In this month’s Science Journal we talk to the Czech psychologists who monitored the participants in the Mars 500 experiment.
A year and a half ago on this programme we talked about the Mars 500 programme and the role that Czech psychologists are playing in that major endeavour. For a reminder, the aim of the project, among other things, to test the steel of human nerves by locking six would-be astronauts in a mock spaceship, sending them to a mock Mars and then bringing them back to the very real Moscow parking lot from whence they started their journey – a journey to nowhere but into the mind. The course of that journey was being monitored by the Czech company QED, which specialises in a psychoanalytical method called sociomapping, used to study and foster interpersonal relations on the “ship”.
The project is now over – at least for the “astronauts”, who were released on schedule this month. To find out how the project went from the Czech end at least, I talked to Radvan Bahbouh, the director of QED, who I asked how the method had proven itself:
“We are only at the very beginning of analyzing all of the things connected to communication within the team. I suppose you know the main reason why we have been using sociomapping in the Mars 500 programme: it is necessary to check whether the trends in communication are constant or whether there are some risks, for example concerning the decrease of communication or channels that are in a ‘stuck state’. And if we find something problematic then we have been able to give such information to the control centre and ask them to debrief the members of the team and encourage them to find time for communication about communication.”
You were monitoring them for a year and a half, so did they have any serious problems in communications? Did it come to any crisis points?
“I think in comparison with all of the previous experiments, this team was the best, in terms of having not only good quality but quantity of communication. Of course there are some problems, if we have an international team then it is normal that there are some subgroups – one national subgroup was that of the Russian astronauts, and it is visible in the sociomaps that they were more closed off towards each other than towards the other members. But that’s normal. In a team of six people, you don’t have the same frequency of communication in all channels. Sixteen people means fifteen communication channels, and some of them are very god in terms of flexibility and exchange of information, and others are not.”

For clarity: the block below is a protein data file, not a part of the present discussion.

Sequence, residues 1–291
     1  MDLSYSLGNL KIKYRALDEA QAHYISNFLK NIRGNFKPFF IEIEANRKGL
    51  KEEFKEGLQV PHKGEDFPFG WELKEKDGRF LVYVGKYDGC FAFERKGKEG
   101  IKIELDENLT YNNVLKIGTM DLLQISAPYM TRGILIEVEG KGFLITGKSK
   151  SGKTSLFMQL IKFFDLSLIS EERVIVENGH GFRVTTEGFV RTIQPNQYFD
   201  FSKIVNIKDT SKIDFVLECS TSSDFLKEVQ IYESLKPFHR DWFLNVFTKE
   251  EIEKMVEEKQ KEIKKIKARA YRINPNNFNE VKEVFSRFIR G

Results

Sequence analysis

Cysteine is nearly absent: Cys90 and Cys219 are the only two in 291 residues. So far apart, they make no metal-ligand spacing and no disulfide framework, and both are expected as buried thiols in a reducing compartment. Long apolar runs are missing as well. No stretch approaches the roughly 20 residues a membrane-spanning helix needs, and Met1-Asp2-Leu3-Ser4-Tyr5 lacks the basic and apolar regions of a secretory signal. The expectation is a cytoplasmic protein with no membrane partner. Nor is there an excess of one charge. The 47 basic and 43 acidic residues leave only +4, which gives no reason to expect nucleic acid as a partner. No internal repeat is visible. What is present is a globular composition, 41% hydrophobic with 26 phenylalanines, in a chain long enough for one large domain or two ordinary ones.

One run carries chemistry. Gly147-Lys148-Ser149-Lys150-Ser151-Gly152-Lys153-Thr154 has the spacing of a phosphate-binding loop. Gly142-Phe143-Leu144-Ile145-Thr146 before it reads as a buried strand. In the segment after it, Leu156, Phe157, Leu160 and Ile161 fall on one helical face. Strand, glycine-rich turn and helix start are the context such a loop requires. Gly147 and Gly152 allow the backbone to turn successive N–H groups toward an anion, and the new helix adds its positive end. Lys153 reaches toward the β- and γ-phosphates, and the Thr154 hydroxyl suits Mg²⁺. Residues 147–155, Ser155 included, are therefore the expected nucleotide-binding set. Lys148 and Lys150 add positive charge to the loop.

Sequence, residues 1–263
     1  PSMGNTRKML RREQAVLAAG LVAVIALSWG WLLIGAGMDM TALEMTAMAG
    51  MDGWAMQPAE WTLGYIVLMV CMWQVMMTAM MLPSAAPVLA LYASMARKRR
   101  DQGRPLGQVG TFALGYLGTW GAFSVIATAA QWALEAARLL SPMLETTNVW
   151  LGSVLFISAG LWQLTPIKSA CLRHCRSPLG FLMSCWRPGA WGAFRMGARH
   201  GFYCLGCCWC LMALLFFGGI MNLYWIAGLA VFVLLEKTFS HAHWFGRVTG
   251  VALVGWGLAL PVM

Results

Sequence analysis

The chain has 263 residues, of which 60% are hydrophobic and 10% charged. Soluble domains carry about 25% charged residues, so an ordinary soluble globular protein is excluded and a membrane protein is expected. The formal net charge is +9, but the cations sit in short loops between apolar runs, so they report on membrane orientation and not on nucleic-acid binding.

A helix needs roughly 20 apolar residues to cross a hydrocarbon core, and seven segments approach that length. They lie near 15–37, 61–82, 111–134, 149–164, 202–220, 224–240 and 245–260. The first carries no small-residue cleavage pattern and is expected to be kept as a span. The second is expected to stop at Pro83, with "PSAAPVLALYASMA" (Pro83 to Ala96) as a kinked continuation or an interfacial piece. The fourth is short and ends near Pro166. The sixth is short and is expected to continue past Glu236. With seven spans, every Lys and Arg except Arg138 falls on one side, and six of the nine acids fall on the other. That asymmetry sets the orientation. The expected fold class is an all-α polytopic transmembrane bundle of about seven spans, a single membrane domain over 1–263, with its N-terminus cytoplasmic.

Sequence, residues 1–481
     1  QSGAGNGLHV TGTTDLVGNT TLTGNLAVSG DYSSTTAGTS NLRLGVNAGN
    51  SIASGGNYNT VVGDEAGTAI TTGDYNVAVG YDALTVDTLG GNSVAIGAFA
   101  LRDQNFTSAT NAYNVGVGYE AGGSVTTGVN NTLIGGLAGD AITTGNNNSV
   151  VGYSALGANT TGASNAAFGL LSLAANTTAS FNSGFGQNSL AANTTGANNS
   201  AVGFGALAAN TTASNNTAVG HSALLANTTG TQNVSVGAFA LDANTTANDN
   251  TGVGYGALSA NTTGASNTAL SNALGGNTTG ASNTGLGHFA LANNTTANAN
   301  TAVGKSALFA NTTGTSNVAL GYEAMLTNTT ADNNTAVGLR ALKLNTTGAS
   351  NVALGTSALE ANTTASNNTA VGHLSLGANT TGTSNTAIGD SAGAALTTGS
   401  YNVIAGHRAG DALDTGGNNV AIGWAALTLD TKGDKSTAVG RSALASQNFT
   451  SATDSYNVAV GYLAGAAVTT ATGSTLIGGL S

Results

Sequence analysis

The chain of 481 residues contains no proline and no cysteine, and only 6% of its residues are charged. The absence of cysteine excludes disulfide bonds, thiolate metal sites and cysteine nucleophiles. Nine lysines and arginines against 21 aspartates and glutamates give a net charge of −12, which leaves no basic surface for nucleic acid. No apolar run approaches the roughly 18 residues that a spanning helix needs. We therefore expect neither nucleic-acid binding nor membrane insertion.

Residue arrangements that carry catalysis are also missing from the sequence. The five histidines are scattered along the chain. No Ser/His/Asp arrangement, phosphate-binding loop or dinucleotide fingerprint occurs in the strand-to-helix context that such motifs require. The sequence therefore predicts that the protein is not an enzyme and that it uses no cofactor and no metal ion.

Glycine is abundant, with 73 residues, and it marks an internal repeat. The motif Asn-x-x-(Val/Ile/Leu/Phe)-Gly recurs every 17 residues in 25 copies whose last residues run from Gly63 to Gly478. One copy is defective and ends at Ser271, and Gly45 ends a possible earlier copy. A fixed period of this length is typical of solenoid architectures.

Are there any specific situations that you can tell us about? I assume much of it is still not open to the public, but are there any situations that you can tell us about that occurred?
“Yes it is too early, because we don’t want to open all of the information about this without having gone through it with the members of the team and the control centre. But I think I can say that communication within this team was relatively stable. Based on previous research we supposed that at the end of isolation – at the end of this work – there would be a big risk of decreased communication. The critical point of all previous experiments was at the end, before ‘landing’. And in this team it wasn’t so critical – they were able to communicate with good quality until the end of the experiment...”
So there was nothing that would have jeopardized the mission had it been a real mission to Mars and back?
“I think that in this team there was no great risk. I think that was partly because that was caused by the fact that they had time to be debriefed about their communications and to think about it. Because they had the opportunity to be more mindful of their communication and see long-term trends and to do something about it. So that opportunity to think about communications with other members and to think about misunderstandings, and about the real state and ideal state… they had that opportunity to think about their next steps and how to improve communications.”
You use sociomapping in many other situations, like in the workplace and elsewhere. What have you learned from this experiment, and how will it help you in other regards?
”Yes, for example we will be able to add the real liability of skills, how stable communication is during such a long period in isolation. We are able to differentiate some phases in team dynamics, because there are studies about that, and we can check them to see whether we have the same scenarios visible in the dynamics of our sociomap. For us, it is a very important and very useful type of experiment. And we can correlate our data with external data, for example medical or performance of the team. I think it is good to find connections between the team’s communication and their performance. And tha is a very interesting question, whether there iss a relation between these two things – performance and team communication.”
The episode featured today was first broadcast on November 12, 2011.